Last year, our tangerine tree had a big hive of bees right at eye level. We were concerned that our two dogs might try to jump at it, so we had it removed, but it got me thinking–do citrus trees attract bees?
Bees are attracted to most types of flowering fruit trees, including citrus. The bees are especially drawn to the flower’s color and scent, and then feed off the flower’s nectar. Citrus trees produce many potent sweet-smelling flowers, so they generally lure plenty of bees.
Whether you want bees in your garden or not, knowing if citrus trees attract them is good to know, especially if you have a bee allergy. But are bees necessary to pollinate citrus trees? And what are some alternative fruit trees that don’t attract bees? Let’s take a further look.
Do You Need Bees To Pollinate Citrus Trees?
Bees are incredibly helpful when it comes to citrus tree pollination, but as most citrus trees are self-pollinating, bees aren’t required. However, these citrus trees can still benefit from cross-pollination from bees. In these cases, the trees are more likely to have higher fruiting rates and less fruit drop.
To better understand if bees are needed to pollinate citrus trees, it’s helpful to know how pollination works in a bit more detail.
If you aren’t familiar, when it comes to a flower’s fertilization, the pollen is male and the flower is female. When bees visit flowers for nectar, pollen from the flower collects on their bodies and they carry it from flower to flower.
Other cases of pollination include wind and pollination by hand (you can also use a toothbrush to share pollen from flower to flower).
Between bees, wind, and hand pollinating, these three examples are called cross-pollination.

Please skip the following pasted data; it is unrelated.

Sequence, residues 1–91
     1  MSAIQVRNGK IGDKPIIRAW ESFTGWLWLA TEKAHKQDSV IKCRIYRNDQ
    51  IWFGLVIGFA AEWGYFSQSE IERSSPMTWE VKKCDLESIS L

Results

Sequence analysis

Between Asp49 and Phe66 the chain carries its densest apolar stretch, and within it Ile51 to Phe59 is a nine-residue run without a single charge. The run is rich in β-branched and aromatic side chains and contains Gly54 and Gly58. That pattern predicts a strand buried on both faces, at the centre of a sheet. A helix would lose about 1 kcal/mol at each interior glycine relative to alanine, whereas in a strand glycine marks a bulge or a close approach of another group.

On the other hand, self-pollination is when the plant’s flowers already contain both male and female parts and don’t need to have pollen shared.
In this case, since most citrus trees are self-pollinating, pollination from bees, wind, or a brush is not required. However, it can still help. Cross-pollinating these citrus trees can lead to more fruiting and less fruit drop.
So, while bees aren’t necessary to pollinate citrus trees, it can be helpful to bear more fruit. If you don’t have a bee allergy and don’t mind bees, having them around your citrus trees could be valuable.
For more about citrus trees and self-pollination vs cross-pollination (including which citrus trees self or cross-pollinate), check out my guide on citrus tree pollination.
But what about if you have a potted or indoor citrus tree? After all, you don’t want bees in your home! Don’t worry, there are some ways you can help pollinate your indoor citrus trees without bees.
How To Pollinate Indoor Citrus Trees
First, as most citrus trees are self-pollinating, you likely don’t need to do anything to your potted tree to encourage pollination. However, if you want that increased chance of fruiting and less fruit or flower drop, here are a few ways you can assist your tree’s pollination.
- Cotton Swab